Matt Cassel (Jesse Johnson/USA TODAY)
With a passing game that lacked consistency and explosiveness in 2012, head coach Leslie Frazier was intent on testing the passing game in the first half of Friday night’s loss. Frazier, Matt Cassel and the receivers all talked about the mixed results.
With Adrian Peterson one of 10 Vikings that didn’t play Friday night against the Houston Texans, the offensive game plan reversed field quicker than the Vikings’ star running back, allowing the coaching staff to concentrate on testing the passing game in the team’s first preseason contest Friday night.
The results were mixed when it came to the quarterbacks, but the focus on the passing game at least gave Matt Cassel the opportunity to immerse himself in the Vikings offense after spending the last four years in Kansas City and the previous four with the New England Patriots.
“I think there was an emphasis (on the passing game),” Cassel said. “Obviously we threw the ball a lot in the first half and it was great for me because the more reps I can get with these guys, the more rapport we can build with the players. It’s invaluable for me. It was a great opportunity for me to go through my reads in live action, especially in a new offense.”
Frazier made no pretenses about it. That was exactly the game plan for the first half, when the Vikings threw the ball 21 times and ran it only nine times with Peterson being protected by the coaching staff’s decision to sit him and nine others.
“That was part of the focus,” head coach Leslie Frazier said. “We wanted to work the passing game some this preseason and we’ll take a similar approach probably next week as well. We’re going to still run the football, but we do want to get our timing done in the passing game. We want to be more efficient in that area.”
Cassel entered the game after only two passes from starter Christian Ponder, who completed his first throw to Jerome Simpson but had his second one glance off Simpson’s hand and into the arms of Texans safety Shiloh Keo for an interception.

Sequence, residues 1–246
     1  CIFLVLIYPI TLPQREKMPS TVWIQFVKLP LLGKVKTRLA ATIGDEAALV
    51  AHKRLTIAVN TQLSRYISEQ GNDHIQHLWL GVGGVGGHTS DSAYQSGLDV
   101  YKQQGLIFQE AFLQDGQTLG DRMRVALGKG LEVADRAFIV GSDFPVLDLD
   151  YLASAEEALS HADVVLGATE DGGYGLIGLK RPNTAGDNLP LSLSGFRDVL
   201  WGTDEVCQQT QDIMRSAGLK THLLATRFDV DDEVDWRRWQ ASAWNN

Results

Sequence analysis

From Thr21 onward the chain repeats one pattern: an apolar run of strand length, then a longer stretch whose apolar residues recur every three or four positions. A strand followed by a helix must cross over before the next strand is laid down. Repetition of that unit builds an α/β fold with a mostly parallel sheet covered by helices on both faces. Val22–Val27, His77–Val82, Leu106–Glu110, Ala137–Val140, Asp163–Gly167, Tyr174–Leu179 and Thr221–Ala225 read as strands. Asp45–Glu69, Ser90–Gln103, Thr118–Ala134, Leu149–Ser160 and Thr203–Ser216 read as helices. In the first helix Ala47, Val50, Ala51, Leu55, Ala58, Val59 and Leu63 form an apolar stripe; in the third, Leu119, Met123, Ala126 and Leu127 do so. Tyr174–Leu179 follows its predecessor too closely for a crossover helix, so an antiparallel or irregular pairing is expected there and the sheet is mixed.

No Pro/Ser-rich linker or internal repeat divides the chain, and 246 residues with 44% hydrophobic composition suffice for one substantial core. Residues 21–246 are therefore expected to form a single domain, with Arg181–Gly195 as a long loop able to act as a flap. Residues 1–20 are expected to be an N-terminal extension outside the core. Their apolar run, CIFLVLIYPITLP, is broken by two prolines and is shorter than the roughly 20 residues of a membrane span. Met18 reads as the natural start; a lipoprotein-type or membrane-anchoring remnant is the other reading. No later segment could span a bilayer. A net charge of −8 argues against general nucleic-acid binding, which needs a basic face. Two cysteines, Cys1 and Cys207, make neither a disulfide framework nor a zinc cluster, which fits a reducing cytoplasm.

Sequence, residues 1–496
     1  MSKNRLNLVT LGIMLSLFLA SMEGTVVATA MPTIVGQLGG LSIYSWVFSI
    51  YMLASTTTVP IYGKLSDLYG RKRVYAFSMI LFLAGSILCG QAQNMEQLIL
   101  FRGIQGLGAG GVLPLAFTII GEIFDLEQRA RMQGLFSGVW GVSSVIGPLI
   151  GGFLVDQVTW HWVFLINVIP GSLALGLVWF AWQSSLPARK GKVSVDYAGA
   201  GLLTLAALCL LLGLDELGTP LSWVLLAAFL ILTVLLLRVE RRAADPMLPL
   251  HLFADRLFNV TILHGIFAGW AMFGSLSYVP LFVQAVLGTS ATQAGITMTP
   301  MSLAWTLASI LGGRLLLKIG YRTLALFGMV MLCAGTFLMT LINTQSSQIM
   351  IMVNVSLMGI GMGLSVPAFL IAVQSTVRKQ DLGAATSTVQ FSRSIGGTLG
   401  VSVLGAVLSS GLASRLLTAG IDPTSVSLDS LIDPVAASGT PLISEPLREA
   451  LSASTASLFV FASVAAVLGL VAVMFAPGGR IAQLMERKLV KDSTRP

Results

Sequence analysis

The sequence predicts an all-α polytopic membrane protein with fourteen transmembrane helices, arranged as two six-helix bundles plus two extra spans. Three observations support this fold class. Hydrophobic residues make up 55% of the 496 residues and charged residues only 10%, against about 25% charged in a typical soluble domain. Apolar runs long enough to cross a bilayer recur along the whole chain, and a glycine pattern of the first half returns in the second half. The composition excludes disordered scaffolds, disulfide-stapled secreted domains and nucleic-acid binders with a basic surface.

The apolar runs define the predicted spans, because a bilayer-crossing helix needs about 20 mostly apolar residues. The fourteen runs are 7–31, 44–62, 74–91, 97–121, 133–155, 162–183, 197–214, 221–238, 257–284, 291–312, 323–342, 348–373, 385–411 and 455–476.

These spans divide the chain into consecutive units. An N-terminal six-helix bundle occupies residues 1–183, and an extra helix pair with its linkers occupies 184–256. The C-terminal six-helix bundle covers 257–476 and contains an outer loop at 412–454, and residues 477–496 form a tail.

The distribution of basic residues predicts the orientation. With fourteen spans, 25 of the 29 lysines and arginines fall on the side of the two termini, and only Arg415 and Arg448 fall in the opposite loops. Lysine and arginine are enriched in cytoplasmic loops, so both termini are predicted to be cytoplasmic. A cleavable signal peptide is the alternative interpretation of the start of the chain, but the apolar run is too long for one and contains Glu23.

It wasn’t a great start for Ponder, but Frazier is reserving judgment on the interception Ponder threw.
“I have to look at it,” the head coach said. “I saw it go off of Jerome Simpson’s hand. I couldn’t tell if the ball was thrown out in front or where the ball was placed. I’m looking forward to taking a look at it and see exactly what happened.”
Simpson wasn’t sure what caused the ball to be off-target, but said there wasn’t much he could do.
“I think Christian might have got a blitz or something. He got hit maybe or had to release the ball a little bit earlier than he wanted to, I guess. It was just kind of a play I really couldn’t get to. I could just get some fingertips on it and then it kind of just fell into the defenders’ hands,” Simpson said.
“It was kind of too out in front so I couldn’t really get my hands all the way on it to at least knock it down or make a play on it.”
Replays showed Simpson assessment was right. Ponder was hit just after he released the ball by blitzing linebacker Darryl Sharpton. The ball was high and too far out in front of Simpson on a 10-yard post route, and the receiver could only get his right hand out quickly enough. The ball deflected off it, into the air and into the hands of Keo.
Enter Cassel, whom Frazier predetermined would come into the game after the first series and finish out the first half.
His extended action allowed him to settled into a groove and complete 12 of 19 passes for 212 yards, a touchdown, an interception and a 96.8 rating in just under one half of play.